Catch a Rainbow!
Shoals Dam Generation in Cubic
Feet Per Second (CFS)
The above graph
does NOT show releases (if
there are any) from the spillway
gates. In times of high water on
Bull Shoals Lake it is best to watch
announcements on the Little
Rock Corp Of Engineers Facebook
website to see what is happening
concerning any spillway releases
(which would be in addition to
Power Releases shown on the above
IF (repeat IF) running at full
capacity, generators at Bull Shoals Dam each put out
3300 CFS (on average). Divide
CFS in green graph above
by 3300 (or just 3000) to get
approx. actual (equivalent of full
capacity) generators online. This will not
usually match the phone recorded message. Important....
Reload this page to update graph if you
have been here before.
Why White River Water Levels Don't
Always Match Recorded Phone Recording
Why is it best to look at
Cubic Feet Per Second (CFS) flows rather
than "number of generators" online from
the Bull Shoals Dam telephone recorded
If you call the Bull Shoals Dam
recording (870-431-5311) to see how
many generators are running, you
probably are aware that it sometimes
does not give a clear picture of the
water levels in the White River.
There are a number of reasons for this;
#1 Generators are
quite often run at less than full
capacity. The recorded message
"counts" a generator running at 20% (for
example) capacity as "online" just the
same as one running at 100% capacity..
#2 The 8 generators are not
equal capacity. The 4 newer ones
are bigger. The voice recording
just reports that; for example, 3
generators are online, but actually 2
could be running at 75% capacity and 1
at 50% or anything else.
Also, looking at the CFS provides a
clearer picture of what happened before.
An example would be that you call the
dam in the morning and it says zero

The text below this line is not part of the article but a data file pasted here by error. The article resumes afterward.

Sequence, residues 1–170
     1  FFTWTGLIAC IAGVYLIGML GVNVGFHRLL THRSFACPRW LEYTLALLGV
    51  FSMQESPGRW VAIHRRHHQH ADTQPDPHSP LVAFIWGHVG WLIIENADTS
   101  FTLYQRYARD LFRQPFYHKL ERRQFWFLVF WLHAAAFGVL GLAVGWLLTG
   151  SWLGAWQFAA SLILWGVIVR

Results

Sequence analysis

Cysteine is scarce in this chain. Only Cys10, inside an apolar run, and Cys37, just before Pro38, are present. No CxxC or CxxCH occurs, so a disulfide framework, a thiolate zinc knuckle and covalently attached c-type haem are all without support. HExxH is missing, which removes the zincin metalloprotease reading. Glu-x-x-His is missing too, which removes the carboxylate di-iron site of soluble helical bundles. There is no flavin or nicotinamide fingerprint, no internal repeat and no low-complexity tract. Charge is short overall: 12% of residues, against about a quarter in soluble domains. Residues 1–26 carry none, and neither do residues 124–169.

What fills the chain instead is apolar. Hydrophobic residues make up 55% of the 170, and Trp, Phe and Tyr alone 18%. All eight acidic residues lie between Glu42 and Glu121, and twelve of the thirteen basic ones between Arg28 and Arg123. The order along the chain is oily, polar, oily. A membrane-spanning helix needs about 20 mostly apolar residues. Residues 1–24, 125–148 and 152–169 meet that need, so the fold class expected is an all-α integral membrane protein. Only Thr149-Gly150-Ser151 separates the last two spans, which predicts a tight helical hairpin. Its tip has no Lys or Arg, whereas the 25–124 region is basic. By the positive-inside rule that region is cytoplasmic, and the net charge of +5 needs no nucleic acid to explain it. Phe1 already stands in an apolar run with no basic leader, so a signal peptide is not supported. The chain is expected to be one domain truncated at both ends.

generators online, but you get to the
river and find fairly high water.
Most likely, they were running a lot of
water last night. They sometimes
attempt to report this on the recording
but it is not always very clear.
This detailed info is available at this
To Easily Get A More Complete Idea
Of What The River Level Is Right
(this explanation looks
more complicated than it actually is)
Rather than calling the
Recorded Tel # 870-431-5311 you can use
your smartphone or computer to access more
detailed info. Each report shows
about 36 hours of past generation history.
The water will travel
about 2-4 MPH. The more generators
they turn on
the faster it will
flow. At cotter, 18 miles below the
Dam, we figure 5-6 hours (very wide
average) for it to get here. A
map showing the mileages from the Dam to
points along the river is here
The water will fall out slower than it
Click image below for
Put that in your browser, on your computer or
And it looks like
Other than the first two columns (date and
time), the column you want is column #5
(Turbine Release - CFS).
1) Each generator at Bull Shoals is 3300 CFS
(average) at full capacity.
2) Looking at the sample at the right, you can
see that around midnight on Feb 3rd they
started some generation and by 1 AM Feb 4th
they were at 1226 CFS. This is less
than 1/2 of one generator.
3) I am writing this at 7:30 AM Feb 4th and
just downloaded the file at the right. I
also just called the Dam Tel#
(870-431-5311). The Tel Recording says
generation began about midnight and they are
running two generators. They
probably ARE running 2 generators, but only at
something like 25% of full capacity (each).
4) When will it get here? At 1AM on Feb
4th, they started some small (1226 CFS)
generation. I would expect to see a very
small water rise around 9-10 AM (using the
lower 2MPH because they only turned on less
than 1/2 of one generator). 18 miles
divided by 2MPH = 9hours.
At Rim Shoals, about 24 miles below the Dam, I
would expect the water will not rise until at
least 12 hours from 1AM, etc.
Important (especially if you are
wading) >>> Unless they
turn on more generators since you looked at
If you are going fishing today, and just call